Friday, June 19, 2009

Grow Your Own, Eat Your Own - book review

Been reading Grow Your Own, Eat Your Own

It is a fantastic book and highly readable with quirky descriptions such as peaches go of faster than hand grenades. It is however written from a UK perspective with comments such as growing citrus in a bucket/container so you can bring them undercover in winter so they survive, and all dates/seasons out by six months. I have glended the following points:

  1. Pickling can be done really easily by pouring vinegar over the veg/fruits !
  2. That distilling cider, or other fruit brews/wine brew, makes Brandy, with the flavor of the original product. Now I had never seen the point of distilling at home, however I know have reason. On of my Dad’s colleges has a distiller so later in the year I might give this a go.
  3. Plums can be pickled by pricking them, soaking (in brine?) then cooking and bottling with vinegar
  4. Salted plums, my dad like these as they had them while in Tonga. So I should give this a go
  5. Salted beans, this looks very interesting. Three lots of beans to one lot of salt. The salt draws water out, so you can top jar up with 2nd lot before sealing
Brew related:
  • Sauerkraut – another reminder that I would like to have a go
  • Liquors. It talks about adding fruit to white rum to make liquors. I will modify this by adding fruit to my wines, to increase nutrient value. I have a stash of loquat wine that is a bit bland and insipid, so this would make an excellent base. I think I will try blueberries and yellow zest (not together) and maybe some herbs
Fruity pancakes – make a slightly thick pancake recipe poor about half into hot pan. Turn down the heat, place sliced fruit on the pan cake. Once this mixture has almost set/cooked, pour in remainder mixture and cook on low heat.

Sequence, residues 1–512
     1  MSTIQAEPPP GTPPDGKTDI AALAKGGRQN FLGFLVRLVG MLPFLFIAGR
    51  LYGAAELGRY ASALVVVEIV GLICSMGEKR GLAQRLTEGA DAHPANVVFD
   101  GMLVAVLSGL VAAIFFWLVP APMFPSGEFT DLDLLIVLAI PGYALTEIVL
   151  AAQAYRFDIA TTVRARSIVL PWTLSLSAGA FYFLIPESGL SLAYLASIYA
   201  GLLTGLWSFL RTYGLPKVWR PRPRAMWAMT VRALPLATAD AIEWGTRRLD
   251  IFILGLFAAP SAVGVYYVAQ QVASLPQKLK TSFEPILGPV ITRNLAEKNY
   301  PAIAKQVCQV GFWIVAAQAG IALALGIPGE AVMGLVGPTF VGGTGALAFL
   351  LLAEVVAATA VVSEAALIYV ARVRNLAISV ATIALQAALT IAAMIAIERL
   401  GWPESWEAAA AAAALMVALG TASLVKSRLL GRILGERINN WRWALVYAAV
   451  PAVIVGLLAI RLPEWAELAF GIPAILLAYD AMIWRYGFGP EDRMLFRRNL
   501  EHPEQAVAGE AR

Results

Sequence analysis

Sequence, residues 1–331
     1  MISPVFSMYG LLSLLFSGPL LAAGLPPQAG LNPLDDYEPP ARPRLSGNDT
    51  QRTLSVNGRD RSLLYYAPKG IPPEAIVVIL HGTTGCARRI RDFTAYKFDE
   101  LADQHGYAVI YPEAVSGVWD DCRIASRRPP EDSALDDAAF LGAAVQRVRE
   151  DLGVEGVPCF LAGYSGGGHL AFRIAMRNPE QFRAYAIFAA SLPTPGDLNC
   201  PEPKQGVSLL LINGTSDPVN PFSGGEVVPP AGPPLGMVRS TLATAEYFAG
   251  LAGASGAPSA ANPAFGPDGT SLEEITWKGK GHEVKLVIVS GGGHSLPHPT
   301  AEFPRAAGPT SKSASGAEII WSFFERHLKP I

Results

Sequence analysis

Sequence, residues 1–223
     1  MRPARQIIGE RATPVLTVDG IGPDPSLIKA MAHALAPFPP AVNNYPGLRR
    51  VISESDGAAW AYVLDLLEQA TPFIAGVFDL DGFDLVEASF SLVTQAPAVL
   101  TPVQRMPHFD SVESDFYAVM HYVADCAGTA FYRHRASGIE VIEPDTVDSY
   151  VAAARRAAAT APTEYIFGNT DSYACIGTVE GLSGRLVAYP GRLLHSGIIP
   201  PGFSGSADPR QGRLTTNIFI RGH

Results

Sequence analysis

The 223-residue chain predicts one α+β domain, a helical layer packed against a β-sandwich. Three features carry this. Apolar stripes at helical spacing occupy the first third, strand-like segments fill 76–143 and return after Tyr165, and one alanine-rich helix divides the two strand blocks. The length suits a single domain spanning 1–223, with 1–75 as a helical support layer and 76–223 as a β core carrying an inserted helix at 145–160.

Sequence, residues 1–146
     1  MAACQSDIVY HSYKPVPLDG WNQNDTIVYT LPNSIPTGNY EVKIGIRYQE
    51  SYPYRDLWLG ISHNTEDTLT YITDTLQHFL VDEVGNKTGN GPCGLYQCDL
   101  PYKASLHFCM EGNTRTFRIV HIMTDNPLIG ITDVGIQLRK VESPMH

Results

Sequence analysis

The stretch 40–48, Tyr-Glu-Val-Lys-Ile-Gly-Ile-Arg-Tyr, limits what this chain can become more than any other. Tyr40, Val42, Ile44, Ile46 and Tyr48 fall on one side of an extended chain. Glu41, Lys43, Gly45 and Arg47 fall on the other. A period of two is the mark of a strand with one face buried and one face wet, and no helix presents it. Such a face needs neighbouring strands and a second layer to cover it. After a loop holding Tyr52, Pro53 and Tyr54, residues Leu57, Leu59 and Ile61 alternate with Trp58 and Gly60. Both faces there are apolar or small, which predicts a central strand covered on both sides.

That I could get mushroom spores and grow them on my wood mulch. You can make mushroom antipasto by soaking in brine, then cook with vinegar, garlic ,peppercorns etc, summer until softened, drain and pack into jars, fill with very hot olive oil and seal. Waste vnegar can used to flavor other dishes.

Broad beans. We grew these for the first time last winter, surprisingly everyone enjoyed them. This was because we picked them when they were still quite small, so they tasted more like peas and we soft and juicy not hard and rubbery. Broad been pate sounds interesting. 750 grams of broad beans, cook sated water 5-6 mins, cool remove skins. Sauté an onion, small red and green pepper (all chopped small) in olive oil. Add broad beans tablespoon of tomato t water, bay leaf and summer savory (what is this?) simmer, remove bay leaf and any savory stalks, blend it up tip into bow with 75g of bread crumbs, 2 eggs (whisked) and back in medium over for 40 mins. I would like to give this a go for our next family event to see if people like it.

I need to get into growing nasturtiums. They grow like weeds and are self seeding. You can use the leaves as a salad green, can stuff the flowers and make the seeds into poor mans capers. You can also pickle them by brining for a few days, drain, rinse pack into jars, add vinegar, peppercorns, bay leaf etc.

Moving the cycle of fruiting/cropping. I had never considered that you could move the time when fruits and vegetables come into season. However it is now obvious. If you plant early varieties or plant things in the north facing they will fruit/grow earlier. If you do it south facing then it would be slower. You can speed things up with mini greenhouses. Thus you avoid some of the glut as everything comes on at once.

No comments:

Post a Comment